It’s widely known that Microsoft has a large contingent work force in addition to its 96,000 direct, regular employees worldwide. But the company has never publicly quantified these workers, who typically work through third-party firms and do everything from mow the lawns to write software.
According to numbers reviewed by The Seattle Times, Microsoft has roughly 70,700 vendors, as well as 8,600 “other” workers worldwide. The “other” category includes mostly agency temps — the so-called “a-” workers — but also visiting researchers and interns.
The numbers come from HeadTrax, an internal application used to track human resources. It lists a total head count of more than 175,700 people who could be broadly described as earning some portion of their living through work for Microsoft. The figure does not appear to include the impact of 1,400 layoffs announced in January and set to take effect later this month as part of an 18-month plan to cut a net 2,000 to 3,000 full-time jobs.
Microsoft spokesman Lou Gellos said the numbers are “within the ballpark,” but added that HeadTrax is essentially a “running barometer” for the company to keep a handle on things. He added that the vendor number “varies widely depending upon what’s going on at any given time.”
Vendors perform a range of functions of varying durations for the company through outside service providers. A landscaping company, for example, may get badges so that a crew of workers can come on campus to mow lawns. But even though the crew is included in the count of vendors, they might not work at Microsoft every day.
This can cause the vendor figure to appear artificially high, Gellos said.
Other functions performed by contingent staff, both vendors and agency temps, include staffing reception desks, driving the company’s shuttles and Connector buses, writing technical documentation, providing security, moving offices, writing and testing software code, lending specific expertise to major projects and more.
The HeadTrax information did not indicate where the employees are located. Microsoft does report its local regular, work force. At the end of January it had about 41,555 in the Puget Sound region, about 43 percent of the total at that point.
Matt Rosoff, analyst with Kirkland-based independent research firm Directions on Microsoft, said the number of contract workers is not surprising, but is interesting to see quantified.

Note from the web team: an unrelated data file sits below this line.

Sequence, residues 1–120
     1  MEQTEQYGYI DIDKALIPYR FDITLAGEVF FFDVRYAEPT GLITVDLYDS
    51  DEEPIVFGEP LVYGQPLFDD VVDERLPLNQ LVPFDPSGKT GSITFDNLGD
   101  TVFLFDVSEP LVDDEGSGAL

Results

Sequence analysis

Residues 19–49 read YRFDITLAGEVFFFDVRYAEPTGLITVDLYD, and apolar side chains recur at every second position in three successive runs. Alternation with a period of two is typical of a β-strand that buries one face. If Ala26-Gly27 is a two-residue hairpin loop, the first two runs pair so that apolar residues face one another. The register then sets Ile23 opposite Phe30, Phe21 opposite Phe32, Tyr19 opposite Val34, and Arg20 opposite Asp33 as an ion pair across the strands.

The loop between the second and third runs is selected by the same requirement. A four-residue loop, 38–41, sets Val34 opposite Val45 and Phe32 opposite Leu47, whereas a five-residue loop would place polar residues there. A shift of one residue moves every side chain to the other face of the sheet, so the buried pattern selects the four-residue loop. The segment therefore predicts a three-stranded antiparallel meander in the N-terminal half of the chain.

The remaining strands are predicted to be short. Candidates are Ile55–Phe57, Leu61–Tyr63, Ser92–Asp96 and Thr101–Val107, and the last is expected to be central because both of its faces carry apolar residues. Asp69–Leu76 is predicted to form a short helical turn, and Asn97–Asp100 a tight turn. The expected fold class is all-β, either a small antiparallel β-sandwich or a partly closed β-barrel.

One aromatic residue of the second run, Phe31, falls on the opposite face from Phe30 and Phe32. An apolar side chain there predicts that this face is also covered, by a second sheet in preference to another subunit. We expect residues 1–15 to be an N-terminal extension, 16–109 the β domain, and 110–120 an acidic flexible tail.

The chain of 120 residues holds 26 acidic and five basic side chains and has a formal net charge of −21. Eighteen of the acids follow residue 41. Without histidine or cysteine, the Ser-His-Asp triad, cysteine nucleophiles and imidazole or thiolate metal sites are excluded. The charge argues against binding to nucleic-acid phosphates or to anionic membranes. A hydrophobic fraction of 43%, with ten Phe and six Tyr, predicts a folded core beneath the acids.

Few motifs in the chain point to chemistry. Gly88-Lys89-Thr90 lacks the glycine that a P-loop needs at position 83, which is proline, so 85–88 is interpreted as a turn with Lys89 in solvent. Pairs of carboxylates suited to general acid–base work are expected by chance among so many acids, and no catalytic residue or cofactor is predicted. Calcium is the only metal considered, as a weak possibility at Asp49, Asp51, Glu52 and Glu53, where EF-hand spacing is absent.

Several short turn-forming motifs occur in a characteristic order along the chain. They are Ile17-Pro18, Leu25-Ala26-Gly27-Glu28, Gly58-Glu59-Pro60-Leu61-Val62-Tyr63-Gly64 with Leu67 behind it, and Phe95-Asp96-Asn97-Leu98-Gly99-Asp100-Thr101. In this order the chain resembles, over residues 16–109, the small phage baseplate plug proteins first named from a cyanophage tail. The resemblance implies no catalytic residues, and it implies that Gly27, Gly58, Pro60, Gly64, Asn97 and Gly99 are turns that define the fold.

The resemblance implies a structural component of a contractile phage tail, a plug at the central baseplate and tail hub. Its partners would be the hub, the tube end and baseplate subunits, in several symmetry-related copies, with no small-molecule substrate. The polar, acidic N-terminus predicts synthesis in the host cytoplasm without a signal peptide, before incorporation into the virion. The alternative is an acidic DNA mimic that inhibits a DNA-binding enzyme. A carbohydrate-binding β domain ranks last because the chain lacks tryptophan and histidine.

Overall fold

“We had always heard that Microsoft has about as many contract employees as it does full-time employees, so 70,000 [vendors] seems very reasonable to me,” Rosoff said.
A segment of the contingent staff has been in the spotlight in recent days after Microsoft lowered by 10 percent the amount it pays U.S. third-party temporary agencies that place these workers in assignments at the company. Many of the temp agencies are passing a similar cut on to the contract employees. (The 10 percent cut, part of a broader Microsoft cost-cutting effort, has so far affected only the so-called “a-” agency temp workers, of whom there were recently about 7,200 worldwide.)
Rosoff said the total global head count figure, 175,700, may still miss some people at other companies that do most of their work for Microsoft.
“In the Seattle area, there are plenty of small development companies who are mostly dependent on Microsoft outsourcing work to them,” Rosoff said. “Say an internal product group wants to build a SharePoint site and nobody has time to do it. That’s the kind of thing they might outsource.”
Microsoft’s use of contingent workers matches the broader trend in the technology industry, said Eric Gregg, a managing partner at the Inavero Institute, a Portland firm that provides research on and for the staffing industry.
“It is no longer the case that companies view temporary and contract strategy as their ‘contingent’ workforce, but rather their flexible workforce,” Gregg said via e-mail. “… In the technology space, this reliance on temporary and contract labor is even more pronounced than in many of the other sectors.”
The HeadTrax numbers reveal that Microsoft is vying with Boeing in terms of global work force. On Feb. 28, the aerospace giant had 161,594 employees including subsidiaries and long-term contractors. It’s difficult to make a direct comparison, however, because of the caveats for Microsoft’s vendor work force mentioned above and different methodologies used by each company to count their various types of workers.